Hamas said Wednesday it is against any one-sided dissolution of the Palestinian unity government, one day after Palestinian President Mahmoud Abbas announced the government will be dissolved within several days.
"Hamas rejects any one-sided change in the government without the agreement of all parties," Hamas spokesman in Gaza, Sami Abu Zuhri, told AFP.
"No one told us anything about any decision to change and no one consulted with us about any change in the unity government. Fatah acted on its own in all regards," Zuhri added.
However, Hamas official Ziad al-Zaza seemed to accept the dissolution and called on Abbas "to form a unity government with all national and Islamic factions to face Israeli occupation," AFP reported.
The Fatah-Hamas reconciliation government was forged between the rival Palestinian movements in June 2014, after the Gaza-based Islamist group Hamas and the PLO agreed to implement a unity pact to end the division of the two polities the previous April.
However, the government has been struggling to function, particularly in the Hamas-controlled Gaza Strip.
According to Palestinian sources, after the dissolution of the government, President Abbas is expected to appoint Prime Minister Rami Al-Hamdallah again to form the new government, which will include a number of changes from its current formation.
Despite the inability to implement the reconciliation agreement with Hamas, the platform of the new government will be to still try to form a national government, comprising the various Palestinian factions.
Abbas's announcement on the government's dissolution may have been influenced by reports of indirect talks between Israel and Hamas over an agreement for a long term cease-fire, Palestinian officials told AFP.
Though Hamas denied the talks, high-ranking Hamas official Bassem Naim told AFP that the reports of the indirect talks caught Abbas "off guard," and prompted the decision to dissolve the government.
"He felt there was a possibility that a solution be found without the (Palestinian) Authority being involved," Naim told AFP.
An unnamed official with Abbas' Palestinian Liberation Organization made similar statements: "If you end up having a different kind of status for Gaza, then basically the idea of a Palestinian state completely disappears," the official told AFP.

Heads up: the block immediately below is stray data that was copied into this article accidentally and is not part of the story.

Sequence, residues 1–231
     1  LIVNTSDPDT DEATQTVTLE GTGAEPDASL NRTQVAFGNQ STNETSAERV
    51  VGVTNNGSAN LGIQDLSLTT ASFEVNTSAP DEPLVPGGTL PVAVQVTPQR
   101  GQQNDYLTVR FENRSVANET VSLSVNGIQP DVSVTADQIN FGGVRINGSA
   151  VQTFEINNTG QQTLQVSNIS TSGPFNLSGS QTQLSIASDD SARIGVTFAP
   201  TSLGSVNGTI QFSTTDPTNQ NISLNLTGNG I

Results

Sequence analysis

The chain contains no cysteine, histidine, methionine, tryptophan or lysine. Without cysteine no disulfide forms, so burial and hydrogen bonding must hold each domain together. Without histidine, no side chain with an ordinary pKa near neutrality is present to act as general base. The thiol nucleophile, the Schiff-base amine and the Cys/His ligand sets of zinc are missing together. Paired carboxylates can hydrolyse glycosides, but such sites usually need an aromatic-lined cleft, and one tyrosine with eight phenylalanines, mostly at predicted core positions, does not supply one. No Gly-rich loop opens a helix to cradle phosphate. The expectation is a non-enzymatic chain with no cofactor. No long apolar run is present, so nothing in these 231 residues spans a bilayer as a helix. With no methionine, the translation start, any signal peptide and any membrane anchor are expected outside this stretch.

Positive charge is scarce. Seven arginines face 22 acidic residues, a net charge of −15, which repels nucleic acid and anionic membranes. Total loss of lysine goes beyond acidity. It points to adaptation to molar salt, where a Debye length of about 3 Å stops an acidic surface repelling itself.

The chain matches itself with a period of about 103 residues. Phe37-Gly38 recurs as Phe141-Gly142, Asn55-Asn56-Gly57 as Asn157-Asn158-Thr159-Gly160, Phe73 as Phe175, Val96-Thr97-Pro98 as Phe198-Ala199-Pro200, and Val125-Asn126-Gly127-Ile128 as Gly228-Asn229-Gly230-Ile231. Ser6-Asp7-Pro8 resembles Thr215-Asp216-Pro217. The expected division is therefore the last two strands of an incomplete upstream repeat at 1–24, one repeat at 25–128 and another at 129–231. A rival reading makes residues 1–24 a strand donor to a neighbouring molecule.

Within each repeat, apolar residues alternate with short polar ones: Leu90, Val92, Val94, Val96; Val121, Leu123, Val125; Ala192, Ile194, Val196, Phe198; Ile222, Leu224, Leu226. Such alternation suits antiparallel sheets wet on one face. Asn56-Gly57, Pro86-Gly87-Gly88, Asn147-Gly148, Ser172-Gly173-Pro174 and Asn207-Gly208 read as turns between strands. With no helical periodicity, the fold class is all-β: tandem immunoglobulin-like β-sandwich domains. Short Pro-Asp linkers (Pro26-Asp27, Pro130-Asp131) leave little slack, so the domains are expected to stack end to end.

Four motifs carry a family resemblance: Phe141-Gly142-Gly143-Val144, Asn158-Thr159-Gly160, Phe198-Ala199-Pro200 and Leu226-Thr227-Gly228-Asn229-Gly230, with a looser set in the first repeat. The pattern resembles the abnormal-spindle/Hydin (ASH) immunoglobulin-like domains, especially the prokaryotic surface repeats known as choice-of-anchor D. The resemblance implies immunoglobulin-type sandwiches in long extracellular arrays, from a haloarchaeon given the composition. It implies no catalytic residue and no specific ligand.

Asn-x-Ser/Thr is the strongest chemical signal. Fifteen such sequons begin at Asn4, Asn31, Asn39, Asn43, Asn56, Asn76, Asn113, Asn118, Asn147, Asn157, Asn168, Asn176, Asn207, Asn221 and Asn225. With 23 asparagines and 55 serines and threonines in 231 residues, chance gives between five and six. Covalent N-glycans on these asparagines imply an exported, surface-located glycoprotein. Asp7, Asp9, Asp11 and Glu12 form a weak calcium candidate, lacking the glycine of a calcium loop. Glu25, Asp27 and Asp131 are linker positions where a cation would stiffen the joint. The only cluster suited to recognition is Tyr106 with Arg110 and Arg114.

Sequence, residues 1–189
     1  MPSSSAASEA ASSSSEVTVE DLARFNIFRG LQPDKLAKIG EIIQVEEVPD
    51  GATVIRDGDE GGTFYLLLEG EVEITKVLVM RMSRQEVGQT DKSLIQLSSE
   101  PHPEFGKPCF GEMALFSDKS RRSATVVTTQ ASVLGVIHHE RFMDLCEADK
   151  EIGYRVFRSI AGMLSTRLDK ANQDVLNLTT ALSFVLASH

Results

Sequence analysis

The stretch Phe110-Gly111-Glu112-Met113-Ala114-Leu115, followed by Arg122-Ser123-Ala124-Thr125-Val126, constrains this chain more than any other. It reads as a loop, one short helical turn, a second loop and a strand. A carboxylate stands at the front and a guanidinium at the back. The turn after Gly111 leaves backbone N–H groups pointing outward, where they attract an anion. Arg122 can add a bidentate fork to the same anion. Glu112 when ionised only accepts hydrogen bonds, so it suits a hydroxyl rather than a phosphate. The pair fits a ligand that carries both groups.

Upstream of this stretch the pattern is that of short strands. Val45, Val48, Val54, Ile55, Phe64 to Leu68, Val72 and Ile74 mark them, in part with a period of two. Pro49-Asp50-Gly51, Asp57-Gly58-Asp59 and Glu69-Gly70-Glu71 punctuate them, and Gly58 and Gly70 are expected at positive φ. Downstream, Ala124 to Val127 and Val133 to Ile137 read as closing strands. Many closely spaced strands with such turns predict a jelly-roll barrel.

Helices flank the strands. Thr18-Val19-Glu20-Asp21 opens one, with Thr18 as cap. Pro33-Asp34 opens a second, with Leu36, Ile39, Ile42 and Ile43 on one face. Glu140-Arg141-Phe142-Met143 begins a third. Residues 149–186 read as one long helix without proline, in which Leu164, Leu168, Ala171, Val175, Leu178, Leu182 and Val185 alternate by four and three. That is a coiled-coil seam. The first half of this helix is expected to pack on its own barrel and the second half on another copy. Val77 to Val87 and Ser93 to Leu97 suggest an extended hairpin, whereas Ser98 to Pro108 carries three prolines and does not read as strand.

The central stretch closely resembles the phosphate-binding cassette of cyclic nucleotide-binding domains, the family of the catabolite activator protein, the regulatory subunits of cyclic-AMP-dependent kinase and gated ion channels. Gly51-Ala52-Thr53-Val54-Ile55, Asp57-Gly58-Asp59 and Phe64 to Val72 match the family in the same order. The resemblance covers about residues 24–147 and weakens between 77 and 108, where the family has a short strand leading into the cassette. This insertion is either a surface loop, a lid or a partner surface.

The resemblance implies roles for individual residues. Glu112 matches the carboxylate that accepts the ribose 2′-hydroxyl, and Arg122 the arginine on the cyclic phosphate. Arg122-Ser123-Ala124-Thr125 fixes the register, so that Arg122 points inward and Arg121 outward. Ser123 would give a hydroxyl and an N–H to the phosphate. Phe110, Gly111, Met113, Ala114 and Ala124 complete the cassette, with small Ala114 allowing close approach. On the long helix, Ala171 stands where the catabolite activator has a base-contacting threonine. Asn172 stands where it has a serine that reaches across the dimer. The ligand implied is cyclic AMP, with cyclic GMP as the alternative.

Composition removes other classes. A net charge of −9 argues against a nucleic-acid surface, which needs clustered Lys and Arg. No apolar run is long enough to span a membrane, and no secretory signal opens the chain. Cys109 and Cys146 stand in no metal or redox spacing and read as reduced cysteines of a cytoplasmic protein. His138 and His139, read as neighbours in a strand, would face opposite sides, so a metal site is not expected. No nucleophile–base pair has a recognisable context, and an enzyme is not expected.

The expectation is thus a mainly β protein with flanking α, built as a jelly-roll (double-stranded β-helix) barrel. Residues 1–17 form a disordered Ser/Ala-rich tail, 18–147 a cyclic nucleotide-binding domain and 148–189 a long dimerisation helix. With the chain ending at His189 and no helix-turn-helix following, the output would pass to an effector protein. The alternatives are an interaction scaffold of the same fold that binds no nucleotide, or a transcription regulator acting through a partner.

On Tuesday, Senior Hamas official Salah Bardawil denied reports of any discussions between his organization and Israel for a long-term cease-fire. Bardawil did say that Hamas, with other Palestinian factions, signed an agreement on maintaining a lengthy period of quiet with Israel at the end of its Operation Protective Edge in the Gaza Strip last summer. This was the only arrangement that won broad Palestinian agreement, but Egypt since abandoned its sponsorship and Israel is not interested in carrying out such agreement, he added.
In an interview with the Palestinian Ashams Radio station on Tuesday, Bardawil said that as far as Hamas is concerned, there is no reason for separate agreement on cessation of hostilities to be drawn up with Israel without the consent of all Palestinian factions – including Fatah – and therefore any reports and statements to the effect that the Islamist movement is seeking such a unilateral agreement with Israel are just attempts to attack Hamas.
“We have no intention to establish a state in Gaza and no intention to give up on the West Bank. We are fighting for the self-determination of the Palestinian people,” Bardawil declared.
At the same time, officials in the Israeli defense establishment seem to oppose signing obligatory agreements or understandings for as long the Strip remains quiet and Hamas continues to control it.
“Why do we need to agree to a port or airport, or to other such decisions in return for quiet, as long as the quiet is being preserved by Israeli deterrence,” said a senior defense official.
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